I honestly thought about just throwing it all away, but decided it couldn't get any worse... maybe the now-calmed-down lemon thyme foam would cover it up a bit.  You know, hide the nastiness and make it all pretty and sparkly...


Aaaaaaaaand, you can see how well that turned out.  Which is not at all.  IT MADE IT WORSE.  Now, it just looks like infected surgical waste.  With pustules.  [Note: I don't really know what pustules are, but they sound gross and somehow fitting.]

But wait!!  There's more!  I had the last three things to add: verjus ice (which did not give me green tears of doom when I scraped it), lemon thyme froth, and a few lemon thyme leaves:



I feel like I need to write a letter of apology to everyone who has ever worked at Alinea, because this is just so not right.

And eight of those beauties is what my friends were greeted with when they came into the kitchen.  Everyone was such a good sport.  They'd look at the photo in the book (page 84, and man, it pains me to look at that and then see mine) and marvel at my rendering of it by saying things like, "nice weather we're having," or "I wonder if Target is having a sale this weekend."

I half-assedly explained what it was, told them they didn't even have to try it if they didn't want to, but everybody picked up a serving of it along with a spoon and dug in.  I reluctantly tried mine, ready to gag over the texture of the beet spheres and the overall innards-ness, but much to my surprise, it was AWESOME.

Yes, the beet thing was a little, um, chewy, but once you got past that and had a little bit of everything in one bite (or stirred it all together into a sort of beet-verjus-lemon thyme slushie), it was pretty damn good.  We all looked at each other wide-eyed and amazed at how good it was, and maintained eye contact because as long as we weren't actually looking at it, we could eat it.  I loved the flavor combination because it was a near-perfect balance of sweet, sour, and a lush earthiness, and would not hesitate for even a second in making a roasted beet salad with a verjus-olive-oil-lemon thyme dressing.  That would be divine.  Making spheres is another matter altogether.  I haven't given up on it, yet, but I have it on good authority that a friend's 4th-grade son is going to try some sort of encapsulation-spherification like this for his science fair project.  You watch.  He's gonna kick my ass, and they're gonna be perfect.  I just KNOW it.  I will officially be pwned by a 10-year old.  Crap.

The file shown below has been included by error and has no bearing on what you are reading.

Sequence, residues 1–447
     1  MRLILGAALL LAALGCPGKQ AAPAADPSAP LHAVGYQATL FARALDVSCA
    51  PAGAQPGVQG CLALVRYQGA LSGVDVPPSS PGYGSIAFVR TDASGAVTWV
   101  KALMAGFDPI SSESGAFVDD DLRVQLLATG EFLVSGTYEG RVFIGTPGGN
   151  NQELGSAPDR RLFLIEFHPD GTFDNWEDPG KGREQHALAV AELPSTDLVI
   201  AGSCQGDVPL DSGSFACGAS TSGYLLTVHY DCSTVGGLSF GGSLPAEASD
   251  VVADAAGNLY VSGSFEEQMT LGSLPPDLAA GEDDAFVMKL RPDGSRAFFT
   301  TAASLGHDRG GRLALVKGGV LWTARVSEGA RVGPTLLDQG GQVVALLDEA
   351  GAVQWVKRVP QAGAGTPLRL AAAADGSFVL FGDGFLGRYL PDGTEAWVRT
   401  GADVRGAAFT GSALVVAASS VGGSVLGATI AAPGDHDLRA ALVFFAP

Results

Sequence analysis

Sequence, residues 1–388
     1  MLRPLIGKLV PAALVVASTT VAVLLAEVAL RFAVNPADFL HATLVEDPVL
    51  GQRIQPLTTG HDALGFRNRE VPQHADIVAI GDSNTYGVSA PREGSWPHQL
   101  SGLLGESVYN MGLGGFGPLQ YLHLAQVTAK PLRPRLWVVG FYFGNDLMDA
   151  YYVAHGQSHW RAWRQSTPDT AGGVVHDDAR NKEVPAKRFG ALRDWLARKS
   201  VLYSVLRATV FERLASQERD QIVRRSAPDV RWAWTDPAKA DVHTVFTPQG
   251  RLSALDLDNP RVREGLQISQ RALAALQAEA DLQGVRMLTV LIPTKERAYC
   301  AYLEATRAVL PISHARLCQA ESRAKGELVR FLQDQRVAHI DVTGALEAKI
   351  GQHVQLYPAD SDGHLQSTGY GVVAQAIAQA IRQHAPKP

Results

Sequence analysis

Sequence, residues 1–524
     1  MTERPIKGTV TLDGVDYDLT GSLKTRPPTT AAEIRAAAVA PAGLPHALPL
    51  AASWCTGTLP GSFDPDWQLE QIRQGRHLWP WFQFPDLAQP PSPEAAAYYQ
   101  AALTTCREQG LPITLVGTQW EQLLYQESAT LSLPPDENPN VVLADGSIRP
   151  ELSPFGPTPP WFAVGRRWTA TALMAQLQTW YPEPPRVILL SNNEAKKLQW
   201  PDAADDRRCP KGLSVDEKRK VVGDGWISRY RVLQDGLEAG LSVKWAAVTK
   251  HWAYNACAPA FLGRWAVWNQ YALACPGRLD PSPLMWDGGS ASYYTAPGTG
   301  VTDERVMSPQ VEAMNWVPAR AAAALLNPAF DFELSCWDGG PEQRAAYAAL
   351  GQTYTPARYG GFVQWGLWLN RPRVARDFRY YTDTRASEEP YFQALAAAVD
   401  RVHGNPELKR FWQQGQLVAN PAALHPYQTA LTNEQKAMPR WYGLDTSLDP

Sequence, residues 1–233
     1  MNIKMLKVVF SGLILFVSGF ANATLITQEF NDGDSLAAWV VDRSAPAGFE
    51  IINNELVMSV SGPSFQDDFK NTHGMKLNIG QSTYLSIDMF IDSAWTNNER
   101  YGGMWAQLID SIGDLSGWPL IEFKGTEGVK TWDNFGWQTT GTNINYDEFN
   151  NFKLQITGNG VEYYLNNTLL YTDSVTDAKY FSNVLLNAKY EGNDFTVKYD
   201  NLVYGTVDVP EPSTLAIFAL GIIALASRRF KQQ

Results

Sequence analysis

Up Next: Granola, in a rose water envelope

Resources: Biotta beet juice; Castelmuro Verjus du Perigord from J.R. Mushrooms and Specialties; soy lecithin, calcium lactate and sodium alginate from Terra Spice; lemon thyme from Whole Foods; gelatin sheets from L'Epicerie; Domino sugar; Monini olive oil.

Music to Cook By: Gomez; A New Tide. I love love love this band.  There's not one album of theirs I can't stand.  There's not one song I skip.  I was thrilled to get their new album a few days before it was released (thanks, Kim!) and haven't been able to stop listening to it.  I think it's tied with "How We Operate" for favorite Gomez album, for me.

Read My Previous Post: I just flew in from Chicago, and boy are my arms tired...

April 05, 2009

I just flew in from Chicago, and boy are my arms tired...